Are we asking the wrong questions? (Part II)

How will I decide? Will I be okay? 

In my post on Part I, I suggested that college students and working adults ponder these same questions. Many struggling with the same fears about the future. In my work coaching students and joining with colleagues to help college students find their way, I have found that we sometimes linger too long considering the wrong questions.

What if instead of trying to help students look out in to the great world to find their place, we instead invited students to turn inward. To look deep inside them for the truth — the wisdom of their very nature that would unlock the answers they desire?

At the heart of decisions about major and career plans is this question – will I be okay?

Am I enough? Do you see me fully?

During my time at a Jesuit institution, we invited students to consider these three key questions:

  1. What are my gifts?
  2. What brings me joy?
  3. What does the world need?

What a difference it makes when we begin by asking the right questions. Rather than dedicate time dwelling in their fears about what could go wrong, students begin to open up to a new sense of freedom. Maybe we are not just good or bad? Maybe we are each here to share some spark of creativity, some twinkle of a strength, a perspective not yet considered? Perhaps greatness does lie within us all?

Reframing the questions to invite students to consider the possibility that they may already be perfect just as they are tends to open students up to far greater potential for meaningful contribution through their work. Their aspirations extend beyond surviving, to thriving.

There is an aliveness about them when they are invited to grow their wildest dreams beyond the most stringent limitations they have outlined for themselves. 

This moment, when it happens, is magic. What a privilege it is to see the wisdom and spirit working deep inside these students as they search for who they are, and the ways in which they are uniquely needed in our world.

What might it be like to accept a deep sense of trust in ourselves?

To have a faith that in the end all will be well… and all will be well…. and all will be well.

Our greatest gift is our presence.

For many of us, the holiday season is busy with preparations for memory-making with family and dear friends. Today I received a message that caused me to pause and consider whether all this activity really gets us any closer to the connection we crave? I know I am guilty of spending too much of my time on my holiday lists when I could be spending that time in the pure presence of those that I love.

GreatestGiftSUChristmas_Presence

The fact that this message came to me via email is not lost on me. As much as technology brings us together, for me it can also cause just as much disconnection. Technology has the capacity to fragment some of my most cherished moments in ways that would never have been possible when I was a child. Perhaps worst of all, most of the time I don’t even notice it happening.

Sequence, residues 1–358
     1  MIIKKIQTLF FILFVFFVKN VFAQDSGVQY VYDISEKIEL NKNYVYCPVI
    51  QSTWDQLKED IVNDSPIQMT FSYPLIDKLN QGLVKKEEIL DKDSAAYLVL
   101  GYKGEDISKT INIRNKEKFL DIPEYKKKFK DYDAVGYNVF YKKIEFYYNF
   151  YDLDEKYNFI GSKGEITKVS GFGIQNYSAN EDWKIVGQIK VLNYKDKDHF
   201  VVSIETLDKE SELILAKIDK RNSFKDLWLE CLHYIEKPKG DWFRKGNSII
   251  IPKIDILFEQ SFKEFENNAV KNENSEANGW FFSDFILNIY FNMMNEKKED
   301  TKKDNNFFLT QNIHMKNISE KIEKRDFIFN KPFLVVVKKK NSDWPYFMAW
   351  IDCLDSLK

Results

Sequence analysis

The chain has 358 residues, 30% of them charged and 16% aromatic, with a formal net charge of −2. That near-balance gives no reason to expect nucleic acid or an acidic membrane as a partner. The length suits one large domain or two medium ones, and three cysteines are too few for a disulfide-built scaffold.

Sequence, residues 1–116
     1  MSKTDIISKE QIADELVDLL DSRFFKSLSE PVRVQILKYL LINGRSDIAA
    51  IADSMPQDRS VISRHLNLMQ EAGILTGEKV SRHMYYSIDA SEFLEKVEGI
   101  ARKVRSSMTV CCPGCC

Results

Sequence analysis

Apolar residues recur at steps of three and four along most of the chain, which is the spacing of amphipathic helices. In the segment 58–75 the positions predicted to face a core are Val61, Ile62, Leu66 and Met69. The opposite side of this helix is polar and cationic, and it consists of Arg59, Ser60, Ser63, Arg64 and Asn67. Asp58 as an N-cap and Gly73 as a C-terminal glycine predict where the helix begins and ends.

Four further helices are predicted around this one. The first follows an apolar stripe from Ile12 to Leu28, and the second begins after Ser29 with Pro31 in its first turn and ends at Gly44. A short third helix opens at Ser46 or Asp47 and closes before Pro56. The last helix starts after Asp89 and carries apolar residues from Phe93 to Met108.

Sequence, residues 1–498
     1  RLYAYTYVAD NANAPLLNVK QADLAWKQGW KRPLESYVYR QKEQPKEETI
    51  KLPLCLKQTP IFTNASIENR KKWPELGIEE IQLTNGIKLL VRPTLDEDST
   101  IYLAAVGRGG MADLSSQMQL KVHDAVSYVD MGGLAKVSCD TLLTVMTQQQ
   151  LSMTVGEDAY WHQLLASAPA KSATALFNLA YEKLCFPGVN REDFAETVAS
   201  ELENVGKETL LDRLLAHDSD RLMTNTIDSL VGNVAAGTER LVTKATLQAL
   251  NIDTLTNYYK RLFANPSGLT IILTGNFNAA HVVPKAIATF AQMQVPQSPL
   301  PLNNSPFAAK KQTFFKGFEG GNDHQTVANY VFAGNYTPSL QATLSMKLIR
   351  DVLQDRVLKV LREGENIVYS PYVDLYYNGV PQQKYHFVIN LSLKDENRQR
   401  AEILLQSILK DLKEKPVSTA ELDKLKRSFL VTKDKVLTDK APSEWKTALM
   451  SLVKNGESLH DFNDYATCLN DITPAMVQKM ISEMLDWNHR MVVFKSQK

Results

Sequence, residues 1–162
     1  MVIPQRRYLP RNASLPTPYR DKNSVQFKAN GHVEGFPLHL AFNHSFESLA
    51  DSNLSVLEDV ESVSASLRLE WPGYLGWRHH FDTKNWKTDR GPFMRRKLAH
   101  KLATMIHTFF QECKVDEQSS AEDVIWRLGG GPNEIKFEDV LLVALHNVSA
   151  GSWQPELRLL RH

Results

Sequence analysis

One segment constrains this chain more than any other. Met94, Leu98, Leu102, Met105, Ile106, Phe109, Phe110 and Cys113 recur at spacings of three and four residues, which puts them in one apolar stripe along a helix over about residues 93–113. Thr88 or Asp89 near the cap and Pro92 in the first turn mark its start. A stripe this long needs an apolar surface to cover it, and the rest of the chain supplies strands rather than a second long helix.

What if all the gifts, the food, the crafts, and the parties are actually confusing us into thinking that the activities alone yield the closeness that lives within promise of Christmas? If the greatest gift we can give to one another is our presence, how might we reshape our choices to create space for this greatest gift of all to emerge?

If you are curious, or if you just enjoy seeing lovely Seattle on film, enjoy the full video here.

Do not worry about the landing place too much.

A friend and dear mentor recently sent me a lovely card in celebration of my upcoming graduation. Enclosed was a small magnet of a little yellow butterfly with a note saying the gift was to remind me of the butterfly’s annual wisdom of growth, transformation, and metamorphosis.ButterflyMagnet

This friend did not know that the butterfly has been an important symbol for me over the last year. I love the image of transformation we can take from the butterfly and I have done a lot of thinking about butterflies over the last cycle of seasons. For these reasons, this small gift from my friend ended up being far more touching than even she intended it to be. It brought me pure joy.

In the last year as I have been thinking about what I can learn from butterflies and their cycle of life, they have started to show up in different ways. I notice them outside, on clothing people are wearing in meetings, on a little note card from a friend, in bowls I use daily in my kitchen but ignore. Now, finally, one arrived at my door just for me. An affirmation of the noticing I have been doing all year.

In this spirit, and because it fits with my intention for this week of “Open hands, warm heart,” I share a simple poem I wrote one day in May last year when I was struggling to find my way. This was written after a walk along the Sammamish River Trail near my home in Woodinville, WA. I hope it brings a bit of lightness to any heavy spots in your heart.

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Peter Block on belonging.

Belonging can be thought of as longing to be. Being is our capacity to find our deeper purpose in all that we do. It is the capacity to be present, and to discover our authenticity and whole selves. This is often thought of as an individual capacity, but it is also a community capacity. Community is the container within which our longing to be is fulfilled. Without the connectedness of community, we will continue to choose not to be. I have always been touched by the term beloved community. This is often expressed in a spiritual context, but it also is possible in the secular aspects of our everyday life.

– Peter Block, author of Community: The Structure of Belonging (2009, p. xii)